My wife had some necklaces that became all intertwined, and she needed to untie them.
I offered to lend a hand and help her, not because she couldn’t do it, but because it was a good chance to recall two good things I learned in life: Untying and doing useless things.
On untying: It was a bright morning in the italian sea coast. It was summer, out in the balcony there were some lemon trees. Each morning we took one lemon and make some tea, even if it was summer.
I remember the flavor of that lemon as if I ate it today.
I was at a friend’s house, spending couple of weeks off, his mom always helped us doing things and one day I had my necklace intertwined by itself.
I tried to untie it but it was useless, I only made it worse.
She came to me and told me that, for this things, you don’t have to rush it.
Take your time, do slow movements, and it’ll sort out.
From there on I always followed her advice when untying things, it always worked, never again I got stuck.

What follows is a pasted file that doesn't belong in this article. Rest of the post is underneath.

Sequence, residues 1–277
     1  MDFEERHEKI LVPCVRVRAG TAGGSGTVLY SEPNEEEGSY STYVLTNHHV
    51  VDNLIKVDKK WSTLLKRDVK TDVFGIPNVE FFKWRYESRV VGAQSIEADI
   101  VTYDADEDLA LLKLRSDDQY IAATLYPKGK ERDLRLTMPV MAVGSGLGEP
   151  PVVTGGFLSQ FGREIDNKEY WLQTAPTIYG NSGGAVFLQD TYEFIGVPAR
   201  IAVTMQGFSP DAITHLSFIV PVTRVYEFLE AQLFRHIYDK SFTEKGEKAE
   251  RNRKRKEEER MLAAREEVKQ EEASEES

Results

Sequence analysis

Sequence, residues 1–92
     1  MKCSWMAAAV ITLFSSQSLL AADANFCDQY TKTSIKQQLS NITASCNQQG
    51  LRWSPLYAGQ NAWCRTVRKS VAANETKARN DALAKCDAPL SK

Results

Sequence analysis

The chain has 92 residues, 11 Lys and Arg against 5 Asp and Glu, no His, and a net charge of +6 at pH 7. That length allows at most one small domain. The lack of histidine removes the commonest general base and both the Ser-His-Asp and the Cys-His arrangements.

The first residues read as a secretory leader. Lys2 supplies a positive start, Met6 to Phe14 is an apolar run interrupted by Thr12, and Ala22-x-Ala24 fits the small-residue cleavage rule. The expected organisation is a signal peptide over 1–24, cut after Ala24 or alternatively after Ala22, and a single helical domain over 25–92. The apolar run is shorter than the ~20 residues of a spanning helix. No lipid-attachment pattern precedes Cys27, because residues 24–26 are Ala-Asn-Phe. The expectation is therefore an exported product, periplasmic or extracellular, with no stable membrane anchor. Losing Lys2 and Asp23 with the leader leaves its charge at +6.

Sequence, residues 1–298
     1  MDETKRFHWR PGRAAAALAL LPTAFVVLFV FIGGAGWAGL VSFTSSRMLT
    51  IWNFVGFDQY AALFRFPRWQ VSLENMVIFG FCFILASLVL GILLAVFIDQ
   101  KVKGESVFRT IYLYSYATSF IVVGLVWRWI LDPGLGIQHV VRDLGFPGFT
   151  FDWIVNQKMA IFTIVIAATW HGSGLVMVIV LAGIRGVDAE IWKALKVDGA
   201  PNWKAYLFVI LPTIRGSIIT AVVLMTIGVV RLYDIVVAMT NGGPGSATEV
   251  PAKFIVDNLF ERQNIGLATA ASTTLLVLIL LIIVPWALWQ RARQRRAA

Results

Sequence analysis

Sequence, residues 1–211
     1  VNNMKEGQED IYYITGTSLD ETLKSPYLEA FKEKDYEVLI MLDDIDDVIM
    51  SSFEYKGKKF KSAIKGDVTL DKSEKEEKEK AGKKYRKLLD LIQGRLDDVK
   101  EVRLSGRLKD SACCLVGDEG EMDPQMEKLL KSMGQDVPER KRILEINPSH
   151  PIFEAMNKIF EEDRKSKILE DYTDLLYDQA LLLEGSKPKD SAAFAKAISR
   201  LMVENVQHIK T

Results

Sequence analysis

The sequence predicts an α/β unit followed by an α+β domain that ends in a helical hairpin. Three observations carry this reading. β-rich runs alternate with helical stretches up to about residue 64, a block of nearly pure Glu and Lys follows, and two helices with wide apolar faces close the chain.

On doing useless things: Company retreat, our first one. An amazing two day settled in a hotel on a city with a nice sea in italy, early summer.
There’s one talk of a psychologist and sociologist. He’s amazing, he knows how to handle people.
For some reason at that time I feel like I’m missing some willpower, so I ask him if he has some ideas.
He told me to try to do some useless repetitive things, like emptying a cup full of toothpicks and putting them back one by one, as slow as possible, for 3 or 4 times.
It worked, but I quickly realized my problem was not about willpower.
In both cases the teaching is much bigger than the actions. We feel it all revolves about time, but time is just a distraction. It’s not time. It’s the fact that we want to rush it, to get it all, but some things to be conquered need time, need patience, need trial and error, many errors in some cases.
It seems about time, but in fact it’s about perseverance.